I have been noticing that many bloggers are writing about how their perspective has changed during this pandemic. I started a post on that topic in July, and then put it in the trash. How do you encapsulate all that the last two years has cultivated in your heart? I’ve been thinking about how perspective (a mental view or outlook) is so intrinsic to attitude (one’s position toward something), and then I realize that what has really changed is me. My position. In relation to God.
The Covid Pandemic has been a crisis for most people, no matter where they live on the globe. A lot times we see a crisis as a stressful circumstance; but is much more than that. Webster defines a crisis as “a turning point, for better or worse” and “a decisive moment.” Wright (2011) explains a crisis as a point where something “can possibly move toward growth, enrichment and improvement; or it can move toward dissatisfaction, pain and, in some cases, dissolution.”1
When Paul encountered Christ on the road to Damascus, it was a crisis moment. He became physically blind. He realized that those he had been arresting and persecuting were innocent. The Christ he had hated was, in fact, the true God. What a devastating realization. He could have taken it like Judas, who betrayed Jesus and then took his own life. Instead, Paul was radically transformed by the power of the Holy Spirit because he chose to repent and surrender his life to Christ. He became one of the greatest evangelists the world has ever known because, in his moment of crisis, he moved toward God and His goals instead of away from Him (Acts 9, ESV).
I realize through experience that life is more unpredictable than I once believed. Circumstances can change quickly. People are not always dependable. Disappointments come. Grief is normal. My attitude toward circumstances, people, disappointments and grief is completely dependent upon my view of God. Tozer said, “What comes into our minds when we think about God is the most important thing about us.“2 A crisis has a way of bringing our views under the microscope. A low view gives people little to cling to. A spiritually poor vantage point leads to fear and negativity. I have been saddened by the despair I have seen during the past two years, even in those who used to look like they had it all together. An awesome view of God provides footing to weather any storm. This spiritually rich vantage point highlights our hope in any circumstance; especially in difficulty, when we most need encouragement.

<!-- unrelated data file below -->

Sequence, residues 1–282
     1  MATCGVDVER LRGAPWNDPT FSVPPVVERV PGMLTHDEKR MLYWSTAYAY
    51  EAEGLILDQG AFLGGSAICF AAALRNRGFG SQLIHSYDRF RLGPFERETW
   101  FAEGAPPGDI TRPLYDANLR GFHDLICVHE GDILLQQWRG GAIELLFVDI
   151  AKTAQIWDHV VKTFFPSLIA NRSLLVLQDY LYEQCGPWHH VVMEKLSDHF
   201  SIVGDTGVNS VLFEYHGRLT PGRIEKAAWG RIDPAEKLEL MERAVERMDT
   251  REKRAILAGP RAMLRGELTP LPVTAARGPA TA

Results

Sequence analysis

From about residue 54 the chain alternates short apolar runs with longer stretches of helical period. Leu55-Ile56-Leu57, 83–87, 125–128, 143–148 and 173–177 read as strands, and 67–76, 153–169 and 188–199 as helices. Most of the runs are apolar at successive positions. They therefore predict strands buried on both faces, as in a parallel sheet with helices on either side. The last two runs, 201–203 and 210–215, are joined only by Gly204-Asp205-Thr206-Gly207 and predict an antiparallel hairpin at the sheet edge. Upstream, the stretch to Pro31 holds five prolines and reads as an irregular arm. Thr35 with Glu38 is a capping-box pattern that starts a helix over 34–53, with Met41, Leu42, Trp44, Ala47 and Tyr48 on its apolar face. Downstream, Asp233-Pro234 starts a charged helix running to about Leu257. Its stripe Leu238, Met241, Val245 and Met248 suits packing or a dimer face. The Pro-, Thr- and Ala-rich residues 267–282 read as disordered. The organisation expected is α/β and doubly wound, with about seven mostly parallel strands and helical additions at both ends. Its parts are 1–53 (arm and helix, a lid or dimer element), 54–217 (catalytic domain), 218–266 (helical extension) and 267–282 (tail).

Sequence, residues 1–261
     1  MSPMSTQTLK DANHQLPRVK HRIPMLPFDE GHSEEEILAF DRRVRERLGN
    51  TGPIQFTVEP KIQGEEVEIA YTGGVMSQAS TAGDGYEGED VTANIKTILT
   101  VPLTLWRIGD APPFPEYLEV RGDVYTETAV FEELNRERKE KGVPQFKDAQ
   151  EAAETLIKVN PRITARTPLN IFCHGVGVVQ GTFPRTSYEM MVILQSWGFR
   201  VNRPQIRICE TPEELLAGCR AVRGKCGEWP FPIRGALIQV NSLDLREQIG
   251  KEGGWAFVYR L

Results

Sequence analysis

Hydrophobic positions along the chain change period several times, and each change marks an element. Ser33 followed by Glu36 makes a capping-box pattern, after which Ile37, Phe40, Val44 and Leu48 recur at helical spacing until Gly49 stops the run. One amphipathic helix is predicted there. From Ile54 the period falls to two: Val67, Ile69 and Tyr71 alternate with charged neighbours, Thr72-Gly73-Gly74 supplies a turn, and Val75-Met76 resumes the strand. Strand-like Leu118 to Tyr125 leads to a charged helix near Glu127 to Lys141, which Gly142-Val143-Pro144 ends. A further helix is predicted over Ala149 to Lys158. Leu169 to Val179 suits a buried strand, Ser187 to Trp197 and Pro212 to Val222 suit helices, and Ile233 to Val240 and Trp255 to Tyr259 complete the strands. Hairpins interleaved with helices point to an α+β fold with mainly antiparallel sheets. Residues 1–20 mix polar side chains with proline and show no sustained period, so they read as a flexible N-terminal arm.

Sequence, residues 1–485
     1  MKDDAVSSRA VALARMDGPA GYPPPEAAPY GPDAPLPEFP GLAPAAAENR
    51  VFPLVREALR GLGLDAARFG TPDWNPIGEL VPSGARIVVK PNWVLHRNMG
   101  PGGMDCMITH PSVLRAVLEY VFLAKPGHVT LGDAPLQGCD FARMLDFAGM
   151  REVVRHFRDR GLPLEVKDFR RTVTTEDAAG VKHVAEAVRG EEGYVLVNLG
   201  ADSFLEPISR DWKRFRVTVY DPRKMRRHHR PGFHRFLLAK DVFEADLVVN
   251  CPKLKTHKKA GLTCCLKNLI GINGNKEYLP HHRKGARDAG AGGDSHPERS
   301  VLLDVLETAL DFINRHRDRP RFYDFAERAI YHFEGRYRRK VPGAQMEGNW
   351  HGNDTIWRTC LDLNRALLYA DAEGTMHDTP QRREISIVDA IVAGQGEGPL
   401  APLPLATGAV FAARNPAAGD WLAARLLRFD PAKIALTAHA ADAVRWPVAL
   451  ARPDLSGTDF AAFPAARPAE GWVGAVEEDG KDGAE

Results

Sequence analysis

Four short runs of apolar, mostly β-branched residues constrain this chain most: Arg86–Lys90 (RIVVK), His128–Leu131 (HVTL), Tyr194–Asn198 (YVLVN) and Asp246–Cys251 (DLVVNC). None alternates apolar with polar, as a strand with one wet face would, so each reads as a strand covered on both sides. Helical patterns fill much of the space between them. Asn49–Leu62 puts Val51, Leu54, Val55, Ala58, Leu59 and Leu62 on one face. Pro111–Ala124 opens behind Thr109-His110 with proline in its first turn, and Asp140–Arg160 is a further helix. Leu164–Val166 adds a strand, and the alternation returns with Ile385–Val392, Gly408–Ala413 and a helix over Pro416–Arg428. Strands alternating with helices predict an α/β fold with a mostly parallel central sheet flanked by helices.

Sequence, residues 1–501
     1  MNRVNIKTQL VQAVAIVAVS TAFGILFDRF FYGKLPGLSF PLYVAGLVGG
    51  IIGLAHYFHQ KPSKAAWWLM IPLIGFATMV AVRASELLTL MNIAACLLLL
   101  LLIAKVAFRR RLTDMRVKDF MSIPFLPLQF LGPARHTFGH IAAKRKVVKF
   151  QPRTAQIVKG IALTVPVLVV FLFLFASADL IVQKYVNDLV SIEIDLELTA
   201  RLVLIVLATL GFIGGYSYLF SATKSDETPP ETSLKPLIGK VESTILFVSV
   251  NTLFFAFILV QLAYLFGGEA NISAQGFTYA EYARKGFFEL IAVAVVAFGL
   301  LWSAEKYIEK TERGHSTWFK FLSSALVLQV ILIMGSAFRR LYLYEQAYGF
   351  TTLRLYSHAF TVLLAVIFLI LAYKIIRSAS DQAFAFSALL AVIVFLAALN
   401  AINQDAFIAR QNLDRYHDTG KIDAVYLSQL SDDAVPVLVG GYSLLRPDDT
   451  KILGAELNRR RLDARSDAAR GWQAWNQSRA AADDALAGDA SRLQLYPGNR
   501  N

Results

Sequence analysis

During this crisis, I have learned to appreciate the meaning of “more.” Somehow, fasting from anything moves us into God’s strategy room. We stop focusing on “the things” and looking to “the One.” While the pandemic has brought mandates and shortages that have limited our previous habits, I’ve been learning to have a greater view of and appreciation for: freedoms, loving those God has put in my life, praying for others and God’s will for them, taking time to wait before acting (asking God first and listening for an answer), being thankful, giving generously, enjoying the moments, holding others, taking positive risks, and so much more. Wrapped into all of this is the lesson of sacrifice. Isn’t that the way we gain a greater view of God?
More than ever, I believe that God is unchanging, dependable, the source of my joy, and completely sufficient for me. I don’t want to focus on the pandemic and the news and miss what the crisis is meant to magnify. Like Paul, I want to choose to move closer to God. I want to live life with an awesome view of the One who is greater than any trouble we will encounter in this world. I have experienced His goodness. The more I know Him, the more I want to know Him. I want to live every day from that banquet table. Don’t you?
This song says it so eloquently.
1 Wright, H. Norman D. The Complete Guide to Crisis & Trauma Counseling. Available from: MBS Direct, Baker Publishing Group, 2011.
2 Tozer, A.W. The Knowledge of the Holy. Available from: Digital Fire, 2019.
Photos curtesy of Pixabay.